In FY '07, we had nearly 12,000 employees in our field operations; today we're just over 10,000 and our analysis from these metrics tell us that we need 9,575 field employees in FY 2012. Our current reductions -- we've already realized a 15 percent -- have avoided $69 million in personnel costs in '09 alone. We used both managed attrition and a hiring chill that was implemented by the administration in 2008 to get to where we are today. That context is the fact that with these reductions the department has still been able to produce all of our Prop 12 and our Recovery Act projects approved by this commission. And how? Because as our graphic demonstrates, we're able to share our work between our districts and between our regions and to keep everyone equally busy which has also effectively increased our production.

A key to making this work is the teamwork and the leadership of the DEs in our monthly regional leadership, or RLT meetings. During these meetings we determine regional priorities, we implement best practices, we improve operations, and we measure and compare our progress. This picture demonstrates the West regional leadership team at work and was courtesy of Commissioner Underwood.

Our final ingredient in our recipe today is transparency. The keys to transparency are knowing what our revenue is, developing a plan with our transportation partners that is constrained by that revenue, communicating the plan and our progress on Project Tracker using our P6 tool, speaking in a manner that the public can easily understand, and finally, delivering on our commitments. We want to prove our savings. We want to report on our progress and determine if we're achieving the outcomes that we desire.

And the results are in. We are thrilled to report that our implementation of Mr. Saenz's vision has saved over $200 million in FY '08 and '09. Those savings allowed us to both keep our word to deliver projects that were promised while our revenues were decreasing and absorb millions in hurricane and winter storm costs without seeking additional state funding. We are now poised to achieve yet another $250 million in savings in the next two years for nearly half a billion dollars saved in total from FY '08 through FY '11. Pennies to the Pavement. As Mr. Keener says, if you take care of the pennies, the dollars, well, in this case, several hundred million dollars will take care of themselves.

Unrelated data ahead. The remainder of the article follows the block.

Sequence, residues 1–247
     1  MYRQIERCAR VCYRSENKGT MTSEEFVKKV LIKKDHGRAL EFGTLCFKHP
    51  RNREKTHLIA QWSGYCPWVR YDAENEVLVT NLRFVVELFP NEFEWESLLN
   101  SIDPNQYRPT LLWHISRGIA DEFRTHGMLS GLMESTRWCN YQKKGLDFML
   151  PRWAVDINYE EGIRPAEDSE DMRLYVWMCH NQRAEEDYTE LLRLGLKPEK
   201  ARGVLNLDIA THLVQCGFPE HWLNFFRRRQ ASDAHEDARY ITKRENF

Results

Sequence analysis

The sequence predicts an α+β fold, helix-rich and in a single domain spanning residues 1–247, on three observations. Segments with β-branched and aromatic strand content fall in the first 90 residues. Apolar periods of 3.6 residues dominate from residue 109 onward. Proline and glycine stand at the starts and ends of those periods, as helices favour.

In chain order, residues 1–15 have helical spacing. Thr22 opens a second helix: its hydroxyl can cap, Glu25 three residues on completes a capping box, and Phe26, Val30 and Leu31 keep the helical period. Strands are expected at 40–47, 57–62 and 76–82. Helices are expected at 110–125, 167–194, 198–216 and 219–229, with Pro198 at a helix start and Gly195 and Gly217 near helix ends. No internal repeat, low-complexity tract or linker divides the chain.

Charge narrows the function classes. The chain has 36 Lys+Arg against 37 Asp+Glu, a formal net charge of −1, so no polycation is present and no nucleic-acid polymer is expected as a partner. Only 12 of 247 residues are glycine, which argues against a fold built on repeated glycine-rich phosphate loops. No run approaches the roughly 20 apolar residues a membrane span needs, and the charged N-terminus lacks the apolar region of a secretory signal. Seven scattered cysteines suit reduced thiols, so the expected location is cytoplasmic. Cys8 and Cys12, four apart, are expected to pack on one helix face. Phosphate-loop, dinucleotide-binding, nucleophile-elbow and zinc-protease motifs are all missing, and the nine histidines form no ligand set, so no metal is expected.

It was an honor to be able to make this presentation and I yield to Mr. Casteel for closing comments.

MR. CASTEEL: Do any of the commissioners have any questions for these guys? They're working real hard and it's kind of a culture change for us, but we're being persistent and we're moving forward and working with everybody when they have an issue and trying to work through those issues and doing the best we can, and I think it's working out pretty good.

Questions or comments?

(No response.)

MR. CASTEEL: Mr. Underwood, thank you for your picture. We put it in the presentation.

MR. UNDERWOOD: I saw that.

MR. SAENZ: David, thank you, and regional directors, thank you, and of course the district engineers. It looks like the division and the ideas that we kind of put together are beginning to come together, so thank you.

MR. CASTEEL: Thank you. Good job, guys.

MR. SAENZ: Those are all of the agenda items.

MS. DELISI: That concludes the agenda for today. Is there a motion to adjourn?

MR. HOUGHTON: So moved.

MR. HOLMES: Second.

MS. DELISI: All in favor?

(A chorus of ayes.)

MS. DELISI: Please note for the record that it is 4:01 p.m. and this meeting stands adjourned.

(Whereupon, at 4:01 p.m., the meeting was concluded.)

C E R T I F I C A T E

MEETING OF: Texas Transportation Commission Workshop
Special Meeting
LOCATION: Austin, Texas
DATE: February 24, 2010
I do hereby certify that the foregoing pages, numbers 1 through 70 inclusive, are the true, accurate, and complete transcript prepared from the verbal recording made by electronic recording by Nancy King before the Texas Transportation Commission.





3/02/2010